Libman Sacks Endocarditis

Article Author:
Abdisamad Ibrahim
Article Editor:
Momin Siddique
Updated:
12/6/2018 6:15:46 PM
PubMed Link:
Libman Sacks Endocarditis

Introduction

Libman-Sacks (LS) endocarditis is a form of nonbacterial thrombotic endocarditis (NBTE). It is a term which is used for sterile vegetations on the cardiac valves. These sterile vegetations are often associated with malignancies, systemic lupus erythematosus (SLE), and antiphospholipid antibody syndrome (APS). Other terms used to describe these vegetations include marantic and verrucous endocarditis. The first time this form of endocarditis was described was in 1924 by Emanuel Libman and Benjamin Sacks.[1] Libman-Sacks endocarditis most commonly affects the mitral and aortic valves, but other valves may also be involved.[1] LS endocarditis can be complicated by embolic cerebrovascular disease, peripheral arterial embolism, and by superimposed infective endocarditis. It is also associated with increased mortality.[2] Therefore, early recognition of LS endocarditis and appropriate treatment are of paramount importance in preventing complications.

Etiology

Overall, the most common association of LS endocarditis is with malignancies, followed by SLE. The initial development of Libman-Sacks endocarditis is thought to be an endothelial injury in the setting of a hypercoagulable state. This causes deposition of platelet thrombi and inflammatory molecules in the cardiac valves. LS vegetations comprise immune complexes, mononuclear cells, fibrin, and platelet thrombi.

Epidemiology

In patients with SLE, the reported prevalence of LS vegetations are 1 in 10 patients.[1] LS endocarditis most commonly affects patients between 40 to 80 years of age.[3] A significant correlation was found between LS endocarditis and SLE duration and activity.[1] 

In one study, the rate of LS endocarditis was higher in patients with underlying malignancy compared to the general population on autopsy (1.25% versus 0.2%).[4] The highest incidence of LS endocarditis in this study was observed in patients with pancreatic adenocarcinoma.[4]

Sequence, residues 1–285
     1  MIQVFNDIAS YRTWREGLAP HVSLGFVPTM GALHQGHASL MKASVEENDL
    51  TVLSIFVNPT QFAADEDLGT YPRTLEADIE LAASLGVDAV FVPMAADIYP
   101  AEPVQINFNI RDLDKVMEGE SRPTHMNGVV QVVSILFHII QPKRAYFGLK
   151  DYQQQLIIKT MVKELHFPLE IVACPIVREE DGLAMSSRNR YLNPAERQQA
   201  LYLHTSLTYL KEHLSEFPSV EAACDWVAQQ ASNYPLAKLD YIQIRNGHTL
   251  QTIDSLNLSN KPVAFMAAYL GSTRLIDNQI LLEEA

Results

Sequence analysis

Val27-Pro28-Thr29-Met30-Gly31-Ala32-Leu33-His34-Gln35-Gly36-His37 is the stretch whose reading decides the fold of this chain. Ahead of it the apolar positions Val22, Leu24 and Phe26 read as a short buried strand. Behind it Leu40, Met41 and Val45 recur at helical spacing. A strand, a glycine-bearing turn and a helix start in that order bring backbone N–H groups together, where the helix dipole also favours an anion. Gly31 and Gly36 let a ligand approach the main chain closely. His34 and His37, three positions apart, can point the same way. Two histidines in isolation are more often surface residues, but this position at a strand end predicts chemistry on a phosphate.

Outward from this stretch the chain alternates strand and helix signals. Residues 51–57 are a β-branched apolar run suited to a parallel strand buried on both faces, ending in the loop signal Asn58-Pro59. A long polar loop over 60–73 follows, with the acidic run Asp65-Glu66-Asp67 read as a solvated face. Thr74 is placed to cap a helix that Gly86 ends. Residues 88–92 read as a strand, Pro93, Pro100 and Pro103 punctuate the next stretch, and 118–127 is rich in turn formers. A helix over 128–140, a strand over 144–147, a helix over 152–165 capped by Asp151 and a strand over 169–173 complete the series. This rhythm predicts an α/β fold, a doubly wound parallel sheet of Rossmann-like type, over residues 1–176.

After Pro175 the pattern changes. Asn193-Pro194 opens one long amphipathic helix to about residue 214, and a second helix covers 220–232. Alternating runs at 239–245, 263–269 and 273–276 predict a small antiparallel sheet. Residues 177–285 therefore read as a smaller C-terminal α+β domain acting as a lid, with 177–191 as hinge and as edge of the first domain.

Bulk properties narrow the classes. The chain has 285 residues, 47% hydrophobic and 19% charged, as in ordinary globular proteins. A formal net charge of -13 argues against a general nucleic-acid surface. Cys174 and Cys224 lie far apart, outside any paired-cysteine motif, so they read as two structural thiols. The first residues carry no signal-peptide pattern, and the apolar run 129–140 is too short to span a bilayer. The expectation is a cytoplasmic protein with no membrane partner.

Pathophysiology

The initial cause of LS endocarditis is not well understood. It is thought to be an endothelial injury in the setting of a hypercoagulable state, such us malignancy, SLE, and APS. Endothelial damage causes local deposition of platelets thrombi and inflammatory molecules in the affected valves. The vegetations comprise immune complexes, mononuclear cells, fibrin, and platelet thrombi. They can dislodge and cause devastating embolic infarctions. In a study of 76 patients with SLE, the presence of LS endocarditis was associated with a higher risk for embolic cerebral vascular disease.[5]

Histopathology

In histopathology, LS endocarditis is associated with leaflet thickening. The vegetations can involve the entire surface of the leaflets, and appear in coalescent or clusters. They also have a granular or verrucous appearance.[2]

History and Physical

Patients with Libman-Sacks endocarditis are usually asymptomatic.

The most common manifestations are secondary to embolism. A cerebrovascular embolism can present with signs and symptoms of a stroke or a transient ischemic attack. Systemic thromboembolism can manifest as peripheral arterial embolism presenting as cold limbs or mesenteric ischemia presenting as severe abdominal pain.

Patient with underlying SLE may show manifestations of the underlying disease such as malar rash, pleuritis, pericarditis, and nephrotic syndrome. Similarly, patients with APS might present with recurrent miscarriages and venous/arterial thrombosis.

Evaluation